The case is one of dozens before courts, both in Poland and at the European level, over a series of controversial judicial reforms.
STRASBOURG, France (CN) — Europe’s top human rights court held a hearing Wednesday in the case of a prematurely dismissed Polish judge, the latest international legal battle over judicial reforms in Poland.
In a dispute over a 2017 change to Polish judiciary regulations that critics call an attack on the rule of law, the European Court of Human Rights heard from lawyers with the Polish government and for former Supreme Administrative Court Judge Jan Grzęda, as well as Amnesty International and the United Nations Special Rapporteur for the Independence of Judges and Lawyers.
“This law shattered the dreams of Mr. Grzęda’s professional fulfillment and felt like a slap in the face, given the devotion and dedication that he had shown on his path as a judge and as a public servant,” Mikołaj Pietrzak, Grzęda’s lawyer, told the Strasbourg-based court. The hearing was held via videoconference due to Covid-19 travel restrictions,
Grzęda was serving as a judge in the Gorzów Wielkopolski Regional Administrative Court when, in 2016, he was elected to the National Council of the Judiciary, or NCJ, a constitutionally created body which oversees the independence of courts and judges in Poland.
But his four-year term ended early, following the passage of legislation in 2017 overhauling the country’s judicial system. Poland’s ruling Law and Justice party campaigned on fixing what they called a system of corrupt judges leftover from the communist era.
“This law was tailored to create a politically subservient NCJ, incapable of safeguarding the independence of the judiciary,” Pietrzak said Wednesday.
In March 2018, under the new regulations, the lower house of the Polish parliament elected 15 judges as new members of the NCJ. Grzęda was not among them and he claims he wasn’t even officially given notice he was terminated.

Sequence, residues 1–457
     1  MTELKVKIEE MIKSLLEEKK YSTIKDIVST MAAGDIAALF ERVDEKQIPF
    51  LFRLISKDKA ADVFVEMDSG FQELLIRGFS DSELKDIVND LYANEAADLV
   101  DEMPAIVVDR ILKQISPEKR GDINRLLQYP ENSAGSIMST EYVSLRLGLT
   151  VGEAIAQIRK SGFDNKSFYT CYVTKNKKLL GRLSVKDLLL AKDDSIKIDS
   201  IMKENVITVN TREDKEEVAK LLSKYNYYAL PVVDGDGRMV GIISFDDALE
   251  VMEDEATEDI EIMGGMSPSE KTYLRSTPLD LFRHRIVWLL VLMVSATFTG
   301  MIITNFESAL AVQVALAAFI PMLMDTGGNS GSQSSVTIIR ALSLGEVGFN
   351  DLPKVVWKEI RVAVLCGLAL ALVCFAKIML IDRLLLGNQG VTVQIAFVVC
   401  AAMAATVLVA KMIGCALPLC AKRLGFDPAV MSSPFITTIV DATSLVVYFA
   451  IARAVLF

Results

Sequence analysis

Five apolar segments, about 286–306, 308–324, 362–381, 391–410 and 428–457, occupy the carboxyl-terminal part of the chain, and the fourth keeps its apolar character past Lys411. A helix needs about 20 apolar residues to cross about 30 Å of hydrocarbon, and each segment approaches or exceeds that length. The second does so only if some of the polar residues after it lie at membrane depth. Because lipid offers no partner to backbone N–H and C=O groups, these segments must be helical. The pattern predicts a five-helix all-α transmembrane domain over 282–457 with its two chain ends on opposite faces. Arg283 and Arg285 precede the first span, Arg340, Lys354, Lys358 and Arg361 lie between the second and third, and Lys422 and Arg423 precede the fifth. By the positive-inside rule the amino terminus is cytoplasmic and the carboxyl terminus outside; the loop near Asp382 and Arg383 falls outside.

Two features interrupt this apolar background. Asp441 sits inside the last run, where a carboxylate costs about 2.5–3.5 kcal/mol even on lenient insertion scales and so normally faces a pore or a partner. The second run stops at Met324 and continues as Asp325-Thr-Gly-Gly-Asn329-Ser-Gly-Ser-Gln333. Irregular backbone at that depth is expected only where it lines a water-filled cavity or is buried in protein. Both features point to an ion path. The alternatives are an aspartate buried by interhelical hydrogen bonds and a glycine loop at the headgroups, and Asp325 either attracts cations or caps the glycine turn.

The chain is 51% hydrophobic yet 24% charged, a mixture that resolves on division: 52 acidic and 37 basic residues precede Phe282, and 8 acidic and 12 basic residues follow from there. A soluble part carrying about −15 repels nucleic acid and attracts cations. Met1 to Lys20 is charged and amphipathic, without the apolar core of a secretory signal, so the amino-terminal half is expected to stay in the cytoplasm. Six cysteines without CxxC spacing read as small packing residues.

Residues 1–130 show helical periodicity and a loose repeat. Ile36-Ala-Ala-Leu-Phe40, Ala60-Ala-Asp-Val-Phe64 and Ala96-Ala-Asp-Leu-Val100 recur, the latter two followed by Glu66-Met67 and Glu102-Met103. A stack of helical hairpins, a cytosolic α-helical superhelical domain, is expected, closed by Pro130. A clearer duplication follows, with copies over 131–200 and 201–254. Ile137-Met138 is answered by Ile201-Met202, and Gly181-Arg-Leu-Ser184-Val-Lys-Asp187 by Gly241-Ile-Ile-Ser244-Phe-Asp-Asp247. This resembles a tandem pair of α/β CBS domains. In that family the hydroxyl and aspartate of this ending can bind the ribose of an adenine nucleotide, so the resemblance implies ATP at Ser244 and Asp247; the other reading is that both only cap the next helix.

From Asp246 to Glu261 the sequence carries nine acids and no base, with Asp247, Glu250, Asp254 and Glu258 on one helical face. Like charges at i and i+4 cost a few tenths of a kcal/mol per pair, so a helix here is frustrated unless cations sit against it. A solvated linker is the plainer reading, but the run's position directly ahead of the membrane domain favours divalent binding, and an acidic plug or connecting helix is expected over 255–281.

But the Polish government argues that nothing precluded it from changing the rules of appointment for the NCJ and the position wasn’t covered by an employment contract, so no official notice was needed.
“The termination of the applicant’s term of office with the NCJ was justified and legitimate,” Jan Sobczak, Poland’s representative, told the Court of Human Rights.
Judicial reforms in the Central European country in 2017 handed control of the NCJ, which chooses judges in Poland, to parliament and the executive branch. Poland has lost a series of court cases over the changes, including a 2020 decision at the European Court of Justice, the European Union’s high court, freezing a newly imposed disciplinary system. Poland has largely ignored that ruling.
When the 2017 legislation was passed, critics claimed the move was undermining the independence of Poland’s judiciary and the European Commission initiated sanctions proceedings against the country for violating the rule of law. Polish Prime Minister Mateusz Morawiecki likened judges to an “organized criminal group” and compared Polish judges “to the judges of the French Vichy,” who collaborated with Nazi Germany to exterminate Jews.
A ruling in Grzęda’s case is expected to take several months.